Terraced Garden Project
The University of Montana (UM) offered an official Archaeological Field School at the terraces site under direction of Dr. Kelly J. Dixon, during the dates May 29th through June 15th, 2007. In conjunction with the field school, the United States Forest Service (USFS) offered a two-week Passport in Time (PIT) project. Field School Students included Katie Baumler, an undergraduate in Anthropology from UM, Brent Rowley, a graduate student in Cultural Heritage from UM, and Joshua Norgaard, an undergraduate in Anthropology from the University of Wisconsin—Madison. There were a total of six PIT volunteers split over the course of the three-week project, and included Kassy Marjerrison, who is from Plains, MT and recently graduated from UM with a bachelor’s degree in Anthropology. Other PIT volunteers came from Missoula, Florida, South Dakota, and Washington.
Final Report on 2007 Poacher Excavations (PDF)
In order to establish base camp, one-half mile from the trailhead, all camp equipment, food, and water was hauled in by the USFS’s Ninemile Pack String under direction of Bob Holverson. The project hired Juanita Allen, of Boise, Idaho, as the full-time camp cook, and she maintained camp and catered to everyone’s diverse dietary needs while preparing delicious meals in her hand-built rock oven. Lack of water within one-half mile of the camp site offered a logistical challenge, so crews hauled gallons of water to and from a staging point everyday to supplement supplies in camp.
During the first week of the project, students and volunteers conducted archaeological survey of the drainage where the site is situated in order to find the originally recorded mine adits, stacked rock, and attempt to find any other cultural remnants in the area. Using a total station, crews mapped the terraces and cabin feature to within five centimeters of accuracy. Much higher than that of hand sketch maps, and these maps can be tied in to a Geographical Information System (GIS) database for future work. Additional work during the first week included a metal detector survey of the project location to identify areas for potential excavation. Pedestrian surveys of the drainage helped to rediscover the mine adit discussed in the original 1979 USFS report, but crews located a second mine adit with a claim marker dating to 1967 nearby. Unfortunately, surveyors could not relocate the stacked rock found in 1979, and these might have been washed away down the creek during an unusually high runoff event since that year.
The second and third weeks of the project focused on the excavation of several test units on the terraces and the cabin. Excavations at the terraces focused on figuring out the function of the small pit feature, a large platform, a recessed area in a wall segment, and investigation of the potential dumps along the creek bank. The small pit feature fought hard to retain its secrets, but eventually crews discovered dozens of artifacts including a nearly intact liquor bottle that was smashed into place during a collapse, three fragments of an amethyst-colored eye wash cup, and a complete Vaseline jar dating to the early 1900s. Other excavations on the terraces discovered a large pile of stacked lumber, more remnants of building material, and information on how these terraces were constructed.
On the third week the project came into full swing, with the addition of four PIT volunteers to help the field school students with the work. During this week, crews excavated four additional units at the terraces, bringing the total excavated there to seven. Excavation units included two one-by-one meter units, four one-by-two meter units, and a single two-by-two meter unit. The two excavations on the slope heading to the creek, were identified for testing by the metal detector survey during the first week. These units discovered the first faunal (animal) remains located on the site, and may be a mix of domestic animals (pig, cow, chicken) and wild game (elk and porcupine). One of the most interesting finds during this week was a ten-foot segment of rubber hose that has iron supports running along the outside. This hose was probably used for high-pressure water movement, either to irrigate the terraces, or to hydraulically mine.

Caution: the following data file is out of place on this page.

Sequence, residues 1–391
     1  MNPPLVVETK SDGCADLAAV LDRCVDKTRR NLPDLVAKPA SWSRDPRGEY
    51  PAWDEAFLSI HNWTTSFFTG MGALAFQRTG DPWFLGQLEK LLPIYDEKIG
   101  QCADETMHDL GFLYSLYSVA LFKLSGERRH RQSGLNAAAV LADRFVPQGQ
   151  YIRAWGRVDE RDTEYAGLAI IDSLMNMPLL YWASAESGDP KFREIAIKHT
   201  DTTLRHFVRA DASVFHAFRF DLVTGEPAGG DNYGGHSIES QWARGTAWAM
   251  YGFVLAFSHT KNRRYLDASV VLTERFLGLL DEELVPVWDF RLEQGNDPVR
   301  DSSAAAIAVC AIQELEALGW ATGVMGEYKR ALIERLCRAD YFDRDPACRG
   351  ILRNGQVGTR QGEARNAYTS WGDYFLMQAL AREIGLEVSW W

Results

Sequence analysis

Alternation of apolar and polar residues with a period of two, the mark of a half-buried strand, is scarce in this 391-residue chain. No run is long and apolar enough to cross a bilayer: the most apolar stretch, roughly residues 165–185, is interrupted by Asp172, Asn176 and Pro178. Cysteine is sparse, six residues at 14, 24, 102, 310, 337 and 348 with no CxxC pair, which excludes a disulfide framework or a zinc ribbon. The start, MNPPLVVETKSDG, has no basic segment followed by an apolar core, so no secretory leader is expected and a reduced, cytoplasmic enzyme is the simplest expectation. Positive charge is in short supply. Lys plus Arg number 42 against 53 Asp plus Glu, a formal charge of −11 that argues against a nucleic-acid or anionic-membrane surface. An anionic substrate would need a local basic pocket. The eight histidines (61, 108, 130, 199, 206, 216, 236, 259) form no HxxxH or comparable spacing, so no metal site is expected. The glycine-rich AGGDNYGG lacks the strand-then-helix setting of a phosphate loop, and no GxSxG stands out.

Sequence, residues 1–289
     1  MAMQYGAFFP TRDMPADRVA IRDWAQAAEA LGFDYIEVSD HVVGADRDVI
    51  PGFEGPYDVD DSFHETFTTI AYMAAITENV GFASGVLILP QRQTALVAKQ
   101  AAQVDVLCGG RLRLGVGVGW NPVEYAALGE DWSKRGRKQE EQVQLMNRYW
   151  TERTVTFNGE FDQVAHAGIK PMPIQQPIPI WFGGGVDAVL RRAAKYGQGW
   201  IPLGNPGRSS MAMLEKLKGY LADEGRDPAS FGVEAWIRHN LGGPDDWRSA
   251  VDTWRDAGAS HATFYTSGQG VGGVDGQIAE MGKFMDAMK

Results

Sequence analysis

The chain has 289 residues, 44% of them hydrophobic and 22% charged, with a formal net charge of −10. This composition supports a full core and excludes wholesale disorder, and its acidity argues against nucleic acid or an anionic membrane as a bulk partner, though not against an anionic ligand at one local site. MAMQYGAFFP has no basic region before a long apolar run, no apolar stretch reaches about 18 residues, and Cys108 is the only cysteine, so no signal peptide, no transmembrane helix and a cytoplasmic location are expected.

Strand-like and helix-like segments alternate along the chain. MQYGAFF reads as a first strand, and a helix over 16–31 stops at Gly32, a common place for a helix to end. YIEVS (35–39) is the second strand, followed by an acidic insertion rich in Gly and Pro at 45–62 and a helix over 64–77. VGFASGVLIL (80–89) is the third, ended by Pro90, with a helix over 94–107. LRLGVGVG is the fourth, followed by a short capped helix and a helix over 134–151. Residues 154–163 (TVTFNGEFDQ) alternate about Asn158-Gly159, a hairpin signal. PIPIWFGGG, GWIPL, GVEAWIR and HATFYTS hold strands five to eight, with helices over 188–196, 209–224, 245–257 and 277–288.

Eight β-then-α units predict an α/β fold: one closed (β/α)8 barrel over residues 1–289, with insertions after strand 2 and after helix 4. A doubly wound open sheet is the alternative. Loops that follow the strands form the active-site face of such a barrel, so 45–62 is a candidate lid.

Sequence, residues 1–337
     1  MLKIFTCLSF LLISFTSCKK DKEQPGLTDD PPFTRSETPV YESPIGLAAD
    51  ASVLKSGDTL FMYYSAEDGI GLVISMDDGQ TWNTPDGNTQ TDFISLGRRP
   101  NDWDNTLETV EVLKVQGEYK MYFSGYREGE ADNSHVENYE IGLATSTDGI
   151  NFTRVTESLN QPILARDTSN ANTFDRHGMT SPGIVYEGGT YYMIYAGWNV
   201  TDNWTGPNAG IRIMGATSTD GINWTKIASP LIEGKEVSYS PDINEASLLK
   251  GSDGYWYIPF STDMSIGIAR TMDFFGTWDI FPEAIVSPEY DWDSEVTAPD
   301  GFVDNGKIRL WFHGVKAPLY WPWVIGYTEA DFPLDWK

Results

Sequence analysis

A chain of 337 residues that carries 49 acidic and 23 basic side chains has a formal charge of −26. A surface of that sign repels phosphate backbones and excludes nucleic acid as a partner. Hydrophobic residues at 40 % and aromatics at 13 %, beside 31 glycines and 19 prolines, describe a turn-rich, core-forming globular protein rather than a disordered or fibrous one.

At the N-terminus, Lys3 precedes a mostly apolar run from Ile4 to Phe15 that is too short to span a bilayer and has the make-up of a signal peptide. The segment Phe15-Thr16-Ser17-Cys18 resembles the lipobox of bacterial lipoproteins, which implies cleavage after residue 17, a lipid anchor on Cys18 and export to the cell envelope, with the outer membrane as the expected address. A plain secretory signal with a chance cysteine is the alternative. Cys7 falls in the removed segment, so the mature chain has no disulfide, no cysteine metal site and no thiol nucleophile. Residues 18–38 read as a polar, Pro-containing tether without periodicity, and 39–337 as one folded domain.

The last unit was placed in the middle of the cabin pad, to see if the artifacts date to the same period as the terraces, and hopefully prove that the feature is associated. A two-by-two meter unit was placed in the middle of the floor of the cabin, in hopes of discovering remains of the original occupants’ daily lives. The most interesting discovery of this excavation, were several fragments of artifacts that appear to be a record, or some device to play music that predates records.
Information recovered from these three weeks of archaeological investigation, help the researchers pin down some important facts regarding the terraces. Almost all of the artifacts from the site date to the period between 1900 and 1918, which fits with some of the mining records associated with this drainage. Artifacts suggest that the small pit structure was some sort of storage building, especially with the large number of canning jar and lid fragments, Vaseline, liquor, and wire. The low density of artifacts recovered, suggest that those who occupied the site stayed there a relatively short period of time. It also appears that the residents of the terraces procured their main source of meat from both domestic animals and wild game.
The next phase of the project is to take all the artifacts back to the Historical Archaeology Laboratory at the University of Montana. During the fall of 2007, students from UM will begin the painstaking process of cleaning, cataloging, and analyzing the artifacts to learn even more information about this site. Updates will continue to appear on this website, so check back often!